Migration Flows of A8 and other EU Migrants to and from the UK

10th April 2014
Next update
10/04/2015
Press contact
Rob McNeil

This briefing discusses migration of European Union (EU) citizens (excluding British citizens) to and from the UK. A special focus of the briefing is on A8 citizens – citizens of the eight countries that joined the EU in May 2004 (Czech Republic, Estonia, Hungary, Latvia, Lithuania, Poland, Slovakia and Slovenia) and A2 citizens – citizens of the two countries that joined the European Union (EU) in January 2007 (Bulgaria and Romania).

Please note that the LTIM estimates used in this briefing are being revised by the ONS. In their 'Quality of Long-Term International Migration estimates from 2001 to 2011' report published on 10th April 2014, the ONS has revised the total net migration estimates for 2001-2011; this suggests that the total net migration between 2001 and 2011 was underestimated by 346,000 net migrants. This revision is based on evidence of underestimation by the LTIM, especially of migration from the A8 Eastern European countries. However, a revised version of inflows and outflows as well as breakdowns by citizenship or reason for migration, etc., is not currently available.

Key points

    • The accession of eight East European countries (A8 countries) to the EU in 2004 led to a significant increase in the inflow of EU citizens to the UK. The average annual Long-Term International Migration (LTIM) inflow of EU citizens (excluding British citizens) for 2004-2012 was around 170,000, compared to 67,000 during 1997-2003.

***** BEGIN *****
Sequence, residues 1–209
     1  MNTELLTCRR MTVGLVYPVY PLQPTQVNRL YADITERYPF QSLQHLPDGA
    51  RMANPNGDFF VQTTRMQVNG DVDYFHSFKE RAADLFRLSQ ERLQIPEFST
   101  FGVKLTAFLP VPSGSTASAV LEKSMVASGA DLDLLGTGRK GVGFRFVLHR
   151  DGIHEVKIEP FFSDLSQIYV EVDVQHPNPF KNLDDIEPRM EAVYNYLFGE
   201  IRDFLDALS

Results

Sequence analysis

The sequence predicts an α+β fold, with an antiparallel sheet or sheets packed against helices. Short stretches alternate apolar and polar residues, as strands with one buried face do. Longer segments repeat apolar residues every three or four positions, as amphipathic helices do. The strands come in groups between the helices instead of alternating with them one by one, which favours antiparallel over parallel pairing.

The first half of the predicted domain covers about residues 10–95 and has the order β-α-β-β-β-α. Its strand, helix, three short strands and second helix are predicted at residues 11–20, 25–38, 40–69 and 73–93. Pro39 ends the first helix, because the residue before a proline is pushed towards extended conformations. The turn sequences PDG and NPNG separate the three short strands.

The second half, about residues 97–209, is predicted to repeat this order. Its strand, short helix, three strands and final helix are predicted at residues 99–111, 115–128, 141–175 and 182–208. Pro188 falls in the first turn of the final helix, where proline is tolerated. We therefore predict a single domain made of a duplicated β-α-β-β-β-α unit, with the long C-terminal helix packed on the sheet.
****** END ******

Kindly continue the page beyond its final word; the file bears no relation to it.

More...
    • LTIM estimates suggest that net migration of A8 citizens was 30,000 in 2012. During 2004-2012, LTIM data suggest that total net migration of A8 citizens was 423,000; however, the ONS has indicated that this is an underestimate.
      More...
    • Results from the 2011 Census suggest that 2.7 million residents of the UK were born in other EU countries. About 1.1 million of those (42%) were born in countries which joined the EU in 2004 or afterwards.
      More...
    • The number of A8 citizens working in the UK number was estimated at 723,000 in the third quarter of 2013 according to the Labour Force Survey (LFS).
      More...
    • The number of National Insurance Number (NINo) allocations to A8 citizens in the last quarter of 2013 was 50,559. This represents a decrease from the peak in the first quarter of 2007 (111,440). The number of NINo allocations to A2 citizens in the first quarter of 2012 was 4,960.
      More...

Understanding the evidence

In UK immigration debates, EU citizens are a key group as they enjoy free movement within the European Union; hence, the UK Government cannot limit their immigration under EU law.